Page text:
For almost a year now, I've been experiencing a symptom that is somewhere between an electrical zap and a vibration. It's over very quickly - just a momentary jolt. I mostly feel it in my head, toward the back. Often it's just in the head. Occasionally I feel it in my chest, too. Almost like there's a string connecting the back of my head to the center of my chest, and it's just been plucked. At first I thought it was a cardiac/vascular thing, but I had a heart monitor, and it showed no abnormal cardiac activity when this was symptom occurs.
I have noticed that it tends to happen when my neck is bent, or when my whole body is bent over - and in fact it has happened several times in a barber's chair. But it doesn't happen every time I bend my neck. Far from it. I can't make it happen by moving in a particular way. And it also happens when my neck isn't bent, at random times. It's even happened when I'm lying in bed, flat on my back.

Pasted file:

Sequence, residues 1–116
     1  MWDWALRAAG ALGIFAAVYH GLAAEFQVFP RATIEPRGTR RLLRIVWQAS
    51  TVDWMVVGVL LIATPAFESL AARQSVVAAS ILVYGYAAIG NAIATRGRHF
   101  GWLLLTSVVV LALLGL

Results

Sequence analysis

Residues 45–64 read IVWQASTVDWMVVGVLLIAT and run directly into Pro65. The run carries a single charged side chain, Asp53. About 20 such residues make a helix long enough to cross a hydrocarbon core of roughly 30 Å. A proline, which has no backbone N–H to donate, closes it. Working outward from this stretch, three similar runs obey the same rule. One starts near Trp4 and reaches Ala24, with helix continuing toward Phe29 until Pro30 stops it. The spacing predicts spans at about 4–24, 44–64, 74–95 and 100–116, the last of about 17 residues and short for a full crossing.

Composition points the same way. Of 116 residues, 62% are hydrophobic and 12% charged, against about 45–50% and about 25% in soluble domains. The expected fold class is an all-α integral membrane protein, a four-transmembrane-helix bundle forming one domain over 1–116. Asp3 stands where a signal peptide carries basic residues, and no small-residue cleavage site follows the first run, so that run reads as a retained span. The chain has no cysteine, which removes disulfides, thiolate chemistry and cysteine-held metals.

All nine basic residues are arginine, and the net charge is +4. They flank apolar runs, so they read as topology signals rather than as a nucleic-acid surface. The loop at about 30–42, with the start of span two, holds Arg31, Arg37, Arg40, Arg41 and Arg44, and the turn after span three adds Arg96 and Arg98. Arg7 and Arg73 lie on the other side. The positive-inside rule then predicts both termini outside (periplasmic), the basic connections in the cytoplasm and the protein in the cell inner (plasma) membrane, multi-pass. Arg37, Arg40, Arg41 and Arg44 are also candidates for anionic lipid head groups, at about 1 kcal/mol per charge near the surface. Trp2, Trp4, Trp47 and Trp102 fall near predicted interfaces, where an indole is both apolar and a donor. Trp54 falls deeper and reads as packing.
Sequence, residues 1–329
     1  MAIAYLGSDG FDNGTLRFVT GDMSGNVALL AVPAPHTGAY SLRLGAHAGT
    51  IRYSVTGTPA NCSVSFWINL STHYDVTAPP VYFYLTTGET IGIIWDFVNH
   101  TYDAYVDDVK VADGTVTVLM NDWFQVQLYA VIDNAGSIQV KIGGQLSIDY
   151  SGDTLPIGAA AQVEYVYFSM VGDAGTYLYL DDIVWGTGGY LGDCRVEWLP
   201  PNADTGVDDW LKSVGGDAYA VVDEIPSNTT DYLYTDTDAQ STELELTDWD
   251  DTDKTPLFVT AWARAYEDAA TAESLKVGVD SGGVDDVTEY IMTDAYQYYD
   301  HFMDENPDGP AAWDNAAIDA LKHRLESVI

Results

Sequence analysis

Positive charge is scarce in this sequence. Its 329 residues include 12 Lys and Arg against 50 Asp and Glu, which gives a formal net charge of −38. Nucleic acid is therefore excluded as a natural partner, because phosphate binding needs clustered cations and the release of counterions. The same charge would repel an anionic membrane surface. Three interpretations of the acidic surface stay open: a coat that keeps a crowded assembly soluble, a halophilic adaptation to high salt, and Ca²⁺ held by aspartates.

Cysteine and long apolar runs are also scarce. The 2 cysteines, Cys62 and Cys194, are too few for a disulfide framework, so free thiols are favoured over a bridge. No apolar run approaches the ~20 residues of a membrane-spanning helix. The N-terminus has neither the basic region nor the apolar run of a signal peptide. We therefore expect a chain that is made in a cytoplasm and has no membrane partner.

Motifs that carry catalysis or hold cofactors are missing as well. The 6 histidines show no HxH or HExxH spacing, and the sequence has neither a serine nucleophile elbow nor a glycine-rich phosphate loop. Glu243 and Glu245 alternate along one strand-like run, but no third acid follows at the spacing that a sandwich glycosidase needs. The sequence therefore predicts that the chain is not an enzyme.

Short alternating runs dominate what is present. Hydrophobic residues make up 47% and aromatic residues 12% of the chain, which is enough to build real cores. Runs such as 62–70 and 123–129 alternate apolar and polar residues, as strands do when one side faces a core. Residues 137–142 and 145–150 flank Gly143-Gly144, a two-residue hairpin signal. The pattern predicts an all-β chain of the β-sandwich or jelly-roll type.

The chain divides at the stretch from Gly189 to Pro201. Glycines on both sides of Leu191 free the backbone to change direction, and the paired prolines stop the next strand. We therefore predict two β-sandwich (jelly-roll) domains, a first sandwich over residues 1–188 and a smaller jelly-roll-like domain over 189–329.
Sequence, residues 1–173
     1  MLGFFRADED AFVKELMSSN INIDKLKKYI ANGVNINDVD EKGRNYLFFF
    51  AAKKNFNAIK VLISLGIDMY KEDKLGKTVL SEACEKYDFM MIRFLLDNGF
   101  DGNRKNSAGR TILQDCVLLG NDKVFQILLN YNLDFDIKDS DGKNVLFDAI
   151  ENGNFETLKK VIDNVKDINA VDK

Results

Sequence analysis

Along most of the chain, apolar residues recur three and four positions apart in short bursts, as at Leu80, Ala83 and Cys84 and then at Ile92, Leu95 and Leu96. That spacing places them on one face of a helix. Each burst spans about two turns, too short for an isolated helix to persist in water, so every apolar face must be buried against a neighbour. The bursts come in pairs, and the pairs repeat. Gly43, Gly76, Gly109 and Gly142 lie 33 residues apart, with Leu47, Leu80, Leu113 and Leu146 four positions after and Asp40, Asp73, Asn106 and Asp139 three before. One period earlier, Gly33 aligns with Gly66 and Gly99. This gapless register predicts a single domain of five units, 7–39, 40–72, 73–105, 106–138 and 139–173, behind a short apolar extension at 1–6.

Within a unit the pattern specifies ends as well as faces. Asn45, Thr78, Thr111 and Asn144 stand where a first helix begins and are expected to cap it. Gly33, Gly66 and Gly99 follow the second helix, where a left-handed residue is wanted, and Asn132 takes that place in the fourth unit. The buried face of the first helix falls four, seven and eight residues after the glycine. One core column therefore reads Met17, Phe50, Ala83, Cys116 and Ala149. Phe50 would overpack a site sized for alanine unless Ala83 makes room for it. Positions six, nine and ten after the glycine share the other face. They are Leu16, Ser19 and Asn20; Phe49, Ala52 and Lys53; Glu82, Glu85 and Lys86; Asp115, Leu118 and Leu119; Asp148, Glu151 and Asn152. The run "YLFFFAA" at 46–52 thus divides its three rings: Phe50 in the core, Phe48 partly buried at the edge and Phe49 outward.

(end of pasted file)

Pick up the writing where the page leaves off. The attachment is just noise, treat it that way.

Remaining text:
Could this be L'hermitte's, or does it have to be something else? Anyone else have L'hermitte's that behaves like this?
pursue optimal self care at least as actively as a diagnosis
ask for referrals to preventive health care specialists eg dietitians
don't let suboptimal self care muddy any underlying diagnostic picture!
the lhermittes continued for 6 months before it finally went away. the doc's theory about why walking increased the lhermittes was that my body temperature would rise and cause more symptoms. i think it was a pretty good theory. last summer, i would occasionally get tingling if i was out in the heat walking around but it was very mild. this summer i haven't had any issues even after a 20 mile two day backpacking trip so i think the lesion has healed.
the fact that it happens even while you are laying flat on your back in bed makes me question whether it's lhermittes, as my understanding is that the hallmark of lhermittes is sensory symptoms upon neck flexion. this happens because neck flexion increases the tension on the spinal cord which stretches the damaged area causing faulty signals to be sent out. however, i am not by any means an expert. it might be time to speak with a neuro or perhaps a doc who specializes in spinal cord problems about these symptoms and get some input.
OMS diet plus lean poultry
Tecfidera as of 8/21/2014
18+ brain lesions and 6 spinal lesions